Dublin, National Library of Ireland, MS G 1304 formerly Sir Con O'Neill's manuscript

  • Irish
  • s. xvii
  • distinct manuscript
  • Irish manuscripts
  • paper

17th-century Irish manuscript miscellany containing Keating’s Trí biorghaoithe an bháis (incomplete), a variety of Irish poems and several genealogical tracts.

G 1304
formerly Sir Con O'Neill's manuscript
Irish genealogies vernacular Irish verse
Provenance and related aspects
s. xvii
17th century
Origin, provenance
Origin: Ireland, northIreland, north

No description available

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Ulster/Cúige Uladh
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ass. with Giolla Pádraig Mac MurchaidhMac Murchaidh (Giolla Pádraig)
Entry reserved for but not yet available from the subject index.

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Later provenance: Ireland
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Names, apparently of previous owners, are recorded at various places in the MS: James Thompson Merchant (f. 56v.inf); Philip Mc Ardle (f. 67r.inf); Patt(?) Magee [one of the English forms of Magaodh], George Mc Cabe, Edmond Mc Ardle (f. 94ar); Philip Mc Ardle of Lackough in the paryshe of Cluntubrit and Countye of Monaghan (f. 94v.inf). Two calculations involving years, including the year of writing, are found on ff. 94v and another on f. 98r: (a) 1822 foll. by 1681, with a difference of 141 intervening years noted below, (b) 1744 foll. by 1681, and (c) 1720 foll. by 1669.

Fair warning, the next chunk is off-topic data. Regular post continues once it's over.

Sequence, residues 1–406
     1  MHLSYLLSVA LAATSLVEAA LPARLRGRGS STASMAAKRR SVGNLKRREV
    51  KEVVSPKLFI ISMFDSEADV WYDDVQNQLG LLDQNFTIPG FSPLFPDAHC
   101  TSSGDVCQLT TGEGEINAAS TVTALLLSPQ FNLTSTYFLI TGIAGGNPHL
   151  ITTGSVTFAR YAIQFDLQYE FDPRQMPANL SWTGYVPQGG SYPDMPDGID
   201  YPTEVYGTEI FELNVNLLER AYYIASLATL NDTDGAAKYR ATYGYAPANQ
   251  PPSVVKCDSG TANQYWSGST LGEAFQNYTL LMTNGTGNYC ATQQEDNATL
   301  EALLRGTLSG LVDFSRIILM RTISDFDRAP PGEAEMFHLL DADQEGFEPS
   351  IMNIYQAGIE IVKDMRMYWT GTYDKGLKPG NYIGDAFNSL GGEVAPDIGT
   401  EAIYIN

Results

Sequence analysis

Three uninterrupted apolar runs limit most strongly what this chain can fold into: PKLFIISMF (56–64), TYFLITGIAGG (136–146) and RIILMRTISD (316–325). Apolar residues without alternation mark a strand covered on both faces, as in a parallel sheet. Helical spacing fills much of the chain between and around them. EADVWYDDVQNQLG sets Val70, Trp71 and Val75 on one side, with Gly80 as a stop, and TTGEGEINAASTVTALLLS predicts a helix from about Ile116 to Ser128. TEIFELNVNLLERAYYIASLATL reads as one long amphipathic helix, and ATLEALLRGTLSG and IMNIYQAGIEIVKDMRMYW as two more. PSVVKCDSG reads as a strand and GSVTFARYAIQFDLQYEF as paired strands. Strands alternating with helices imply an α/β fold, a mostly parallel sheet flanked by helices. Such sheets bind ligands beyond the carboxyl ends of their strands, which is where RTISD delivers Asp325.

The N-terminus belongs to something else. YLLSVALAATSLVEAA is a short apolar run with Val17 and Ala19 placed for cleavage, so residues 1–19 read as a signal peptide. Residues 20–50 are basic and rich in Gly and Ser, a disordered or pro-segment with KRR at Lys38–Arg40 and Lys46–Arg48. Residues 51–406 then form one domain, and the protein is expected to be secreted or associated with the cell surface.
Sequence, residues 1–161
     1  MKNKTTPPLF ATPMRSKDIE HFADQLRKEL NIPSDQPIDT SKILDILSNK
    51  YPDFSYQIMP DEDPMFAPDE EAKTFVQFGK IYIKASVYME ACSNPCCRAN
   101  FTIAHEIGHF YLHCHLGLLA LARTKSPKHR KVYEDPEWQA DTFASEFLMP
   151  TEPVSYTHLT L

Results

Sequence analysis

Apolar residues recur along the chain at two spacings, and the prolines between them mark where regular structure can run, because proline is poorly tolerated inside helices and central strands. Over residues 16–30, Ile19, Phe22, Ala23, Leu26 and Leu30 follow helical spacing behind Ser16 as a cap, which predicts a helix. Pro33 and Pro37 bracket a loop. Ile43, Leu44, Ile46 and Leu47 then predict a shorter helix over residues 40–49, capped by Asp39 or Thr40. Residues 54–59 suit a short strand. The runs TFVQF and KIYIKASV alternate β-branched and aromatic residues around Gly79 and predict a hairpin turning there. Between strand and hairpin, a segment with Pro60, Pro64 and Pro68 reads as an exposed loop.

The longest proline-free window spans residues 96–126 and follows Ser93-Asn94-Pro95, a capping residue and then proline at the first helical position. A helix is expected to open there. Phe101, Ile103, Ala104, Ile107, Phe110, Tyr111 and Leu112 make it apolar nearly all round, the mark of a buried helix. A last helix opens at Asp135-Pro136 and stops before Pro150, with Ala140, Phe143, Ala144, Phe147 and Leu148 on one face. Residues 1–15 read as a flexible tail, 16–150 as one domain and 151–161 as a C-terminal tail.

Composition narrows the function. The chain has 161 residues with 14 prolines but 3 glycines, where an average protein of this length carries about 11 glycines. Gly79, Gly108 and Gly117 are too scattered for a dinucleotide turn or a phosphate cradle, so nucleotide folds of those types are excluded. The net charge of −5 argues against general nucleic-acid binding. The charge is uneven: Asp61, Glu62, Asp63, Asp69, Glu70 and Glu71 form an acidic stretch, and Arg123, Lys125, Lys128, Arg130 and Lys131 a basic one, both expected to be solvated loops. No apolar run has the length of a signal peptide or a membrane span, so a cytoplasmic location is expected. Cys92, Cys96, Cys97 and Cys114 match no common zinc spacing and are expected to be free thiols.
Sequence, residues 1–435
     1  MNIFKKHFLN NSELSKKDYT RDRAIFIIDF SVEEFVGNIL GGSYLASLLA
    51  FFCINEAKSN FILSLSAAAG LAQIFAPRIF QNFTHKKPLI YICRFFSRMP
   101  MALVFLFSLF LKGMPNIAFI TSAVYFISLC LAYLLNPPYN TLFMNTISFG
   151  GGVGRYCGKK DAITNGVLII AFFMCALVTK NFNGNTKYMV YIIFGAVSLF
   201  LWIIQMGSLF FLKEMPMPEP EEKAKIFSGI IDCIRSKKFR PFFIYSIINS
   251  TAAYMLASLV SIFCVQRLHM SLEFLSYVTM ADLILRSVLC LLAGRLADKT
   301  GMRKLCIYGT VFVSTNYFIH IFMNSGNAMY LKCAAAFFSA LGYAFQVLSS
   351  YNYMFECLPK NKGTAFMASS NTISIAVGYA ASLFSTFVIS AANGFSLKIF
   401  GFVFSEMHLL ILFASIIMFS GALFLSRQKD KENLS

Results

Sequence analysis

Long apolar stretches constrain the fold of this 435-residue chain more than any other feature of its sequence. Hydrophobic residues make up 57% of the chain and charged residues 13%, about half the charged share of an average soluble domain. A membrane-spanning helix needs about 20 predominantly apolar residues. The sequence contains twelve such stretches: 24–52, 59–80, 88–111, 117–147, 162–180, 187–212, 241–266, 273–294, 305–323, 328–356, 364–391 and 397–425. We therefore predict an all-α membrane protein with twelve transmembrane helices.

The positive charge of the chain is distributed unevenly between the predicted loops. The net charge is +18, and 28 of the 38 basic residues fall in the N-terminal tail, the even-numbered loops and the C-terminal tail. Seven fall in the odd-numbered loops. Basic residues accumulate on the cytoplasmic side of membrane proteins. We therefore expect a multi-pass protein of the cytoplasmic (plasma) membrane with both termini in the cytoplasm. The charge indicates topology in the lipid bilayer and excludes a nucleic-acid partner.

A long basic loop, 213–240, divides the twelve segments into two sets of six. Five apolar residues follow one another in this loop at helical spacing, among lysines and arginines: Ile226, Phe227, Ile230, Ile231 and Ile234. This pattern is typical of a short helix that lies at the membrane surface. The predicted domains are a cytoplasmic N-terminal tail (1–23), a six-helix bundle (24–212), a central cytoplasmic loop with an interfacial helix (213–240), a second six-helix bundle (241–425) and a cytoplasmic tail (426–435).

Later provenance: ass. with William ReevesReeves (William)
Irish antiquarian scholar; bishop of the Anglican see of Down, Connor and Dromore; keeper of the Armagh Public Library
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Roibeard Mac ÁdhaimhMac Ádhaimh (Roibeard)
MacAdam (Robert), MacAdam (Robert Shipboy)
Robert Shipboy MacAdam, Irish Presbyterian scholar and antiquarian from Belfast; co-founded Ulster Gaelic Society and the Belfast Museum; editor of the Ulster Journal Archaeology.
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During the second half of the 19th century, the MS entered the possession of bishop William Reeves, as is clear from both internal evidence and auction records drawn up after his death when his collection went on sale. Ó Cuív argues that Reeves is likely to have obtained it from Robert MacAdam, along with other MSS; at what date is unknown, but a note in RIA MS 24 P 26 shows that at least many of them were purchased in 1889. It seems that MacAdam had them bound in Belfast in the 1850s as some of them share the same style of binding and watermark date of 1852. Although it is known that he obtained MSS from the 1830 sale of Edward O’Reilly’s library, it is unknown if the present MS was among them.
Later provenance: ass. with Robert Torrens O'NeillO'Neill (Robert Torrens)
Entry reserved for but not yet available from the subject index.

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Unlike most MSS that went on auction following Reeves’ death, the MS passed into private hands and ended up in the collection of Robert Torrens O'Neill (d. 1910) at Derrynoid Lodge in Draperstown (Co. Derry). On his death, the house and its library passed to his sister-in-law and on her death in c.1945, they passed to her son, the future Lord Rathcavan [Hugh O'Neill].